11. Bruce Lindfield

    Bruce Lindfield Unprofessional TalkBass Contributor Gold Supporting Member

    Well I have the same objective as that - I'm not against learning theory, but I just think there may be other things you could do that woudl help you better achieve that objetive?

    So I have been trying to play Jazz for many years now and go to a lot of Jazz gigs.

    What I was saying was that in virtually every situation I have seen at Jazz gigs - it was either a case of : we/band all play a standard tune we know - OR 1 person hands out lead sheets (chord charts).

    So to get better at these two things it's not necessarily a case of buying books about theory - what you need is more repertoire and ability to read a chord chart.

    Ed's advice is best of course - but I was thinking what you need to do is learn the kind of Jazz "standards" that people are likely to play and be able to play these "at the drop of a hat" - then get experience of reading chord charts...?

    Just an idea? :)
     
  12. Bruce Lindfield

    Bruce Lindfield Unprofessional TalkBass Contributor Gold Supporting Member


    Yes - I think you are heading towards "The Jazz theory Book" by Mark Levine !! :)

    This does actually have sections on building up a repertoire of standards and how to read a lead sheet/chord chart!! :)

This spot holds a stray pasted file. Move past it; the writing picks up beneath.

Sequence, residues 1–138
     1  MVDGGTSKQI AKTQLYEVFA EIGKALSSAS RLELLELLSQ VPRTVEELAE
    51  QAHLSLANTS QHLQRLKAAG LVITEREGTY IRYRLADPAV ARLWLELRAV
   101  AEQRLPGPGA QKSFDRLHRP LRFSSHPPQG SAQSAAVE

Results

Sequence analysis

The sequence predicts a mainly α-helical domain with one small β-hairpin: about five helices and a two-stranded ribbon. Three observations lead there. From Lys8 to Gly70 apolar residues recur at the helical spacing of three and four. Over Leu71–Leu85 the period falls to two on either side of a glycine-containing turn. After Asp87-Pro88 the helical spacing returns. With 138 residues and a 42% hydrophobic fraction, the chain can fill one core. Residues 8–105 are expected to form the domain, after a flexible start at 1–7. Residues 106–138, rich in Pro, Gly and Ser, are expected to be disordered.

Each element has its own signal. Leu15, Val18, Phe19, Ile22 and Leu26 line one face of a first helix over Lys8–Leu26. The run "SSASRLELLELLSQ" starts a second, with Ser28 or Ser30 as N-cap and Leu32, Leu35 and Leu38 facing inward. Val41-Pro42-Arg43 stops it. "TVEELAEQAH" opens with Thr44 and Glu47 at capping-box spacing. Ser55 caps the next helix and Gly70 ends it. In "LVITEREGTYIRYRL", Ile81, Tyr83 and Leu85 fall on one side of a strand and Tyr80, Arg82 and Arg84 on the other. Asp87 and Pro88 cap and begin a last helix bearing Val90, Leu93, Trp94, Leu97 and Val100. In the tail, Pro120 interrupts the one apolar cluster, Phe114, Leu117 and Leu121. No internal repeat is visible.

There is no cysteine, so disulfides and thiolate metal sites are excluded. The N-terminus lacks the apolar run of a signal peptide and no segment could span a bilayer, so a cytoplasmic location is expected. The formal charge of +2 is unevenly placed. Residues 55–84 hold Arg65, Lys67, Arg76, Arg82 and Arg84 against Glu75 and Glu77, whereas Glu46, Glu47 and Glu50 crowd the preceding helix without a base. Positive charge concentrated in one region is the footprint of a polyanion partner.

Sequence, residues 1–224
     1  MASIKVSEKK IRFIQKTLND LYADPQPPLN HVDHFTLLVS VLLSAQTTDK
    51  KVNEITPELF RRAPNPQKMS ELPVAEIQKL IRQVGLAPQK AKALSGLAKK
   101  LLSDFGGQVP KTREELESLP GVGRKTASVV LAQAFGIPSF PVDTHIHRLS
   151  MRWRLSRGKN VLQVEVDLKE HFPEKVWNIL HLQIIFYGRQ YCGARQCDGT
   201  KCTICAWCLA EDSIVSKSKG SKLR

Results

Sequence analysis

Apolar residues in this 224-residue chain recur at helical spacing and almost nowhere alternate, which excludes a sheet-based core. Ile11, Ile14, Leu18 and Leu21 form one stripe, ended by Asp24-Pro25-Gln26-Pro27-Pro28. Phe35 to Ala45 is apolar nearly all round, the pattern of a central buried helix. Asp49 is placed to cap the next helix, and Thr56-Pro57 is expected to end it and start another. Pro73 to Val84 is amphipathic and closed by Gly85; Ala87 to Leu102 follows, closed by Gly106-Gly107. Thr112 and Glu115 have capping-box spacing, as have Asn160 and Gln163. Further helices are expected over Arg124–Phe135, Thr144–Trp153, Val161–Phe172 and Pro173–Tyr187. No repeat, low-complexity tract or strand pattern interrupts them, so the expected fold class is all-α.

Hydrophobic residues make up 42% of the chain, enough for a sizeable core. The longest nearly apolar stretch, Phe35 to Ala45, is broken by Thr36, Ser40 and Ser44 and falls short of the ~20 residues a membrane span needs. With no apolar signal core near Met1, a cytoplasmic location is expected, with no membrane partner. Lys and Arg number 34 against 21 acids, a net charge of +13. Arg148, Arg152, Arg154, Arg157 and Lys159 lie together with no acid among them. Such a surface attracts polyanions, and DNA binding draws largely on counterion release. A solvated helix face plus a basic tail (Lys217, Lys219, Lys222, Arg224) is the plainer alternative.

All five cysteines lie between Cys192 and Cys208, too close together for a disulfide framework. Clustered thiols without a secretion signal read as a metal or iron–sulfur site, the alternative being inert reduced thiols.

13. Knavery

    Knavery

    Feb 24, 2004
    Denver, CO
    Sweet! Thanks Bruce. That's two for the Mark Levine Jazz Theory book. I'll look into that one. The EADG 4 book by John Flastrom and this Levine book should be enough to keep me busy for a while.
     
  14. Ed Fuqua

    Ed Fuqua

    Dec 13, 1999
    NYC
    Chuck Sher publishes my book, WALKING BASSICS:The Fundamentals of Jazz Bass Playing.
    No need to guess, my first post contains instructions as to how to get to soundfiles where you can actually hear me play.

    That's kind of where I live; talk to me in 6 months.
     
  15. Knavery

    Knavery

    Feb 24, 2004
    Denver, CO
    Ed,
    I went over to listen to some of your stuff. While you are good, you play a completely different style then myself--completely. Not to mention you played DB on all of them.

    You're messages come across as a bit holier-than-thou, and condescending. So, unless you can show me some Jaco chops or something, you're just another bass player like the rest of us. Pretty good stuff on the sampler though. ;)
     
  16. Bruce Lindfield

    Bruce Lindfield Unprofessional TalkBass Contributor Gold Supporting Member

    No, Ed is one of the best and Jazz and DB do go together.... I'm also sure you'll eventually come to appreciate his dry wit, like fine wine - an acquired taste, but all the better for it!! ;)
     
  17. Ed Fuqua

    Ed Fuqua

    Dec 13, 1999
    NYC
    Chuck Sher publishes my book, WALKING BASSICS:The Fundamentals of Jazz Bass Playing.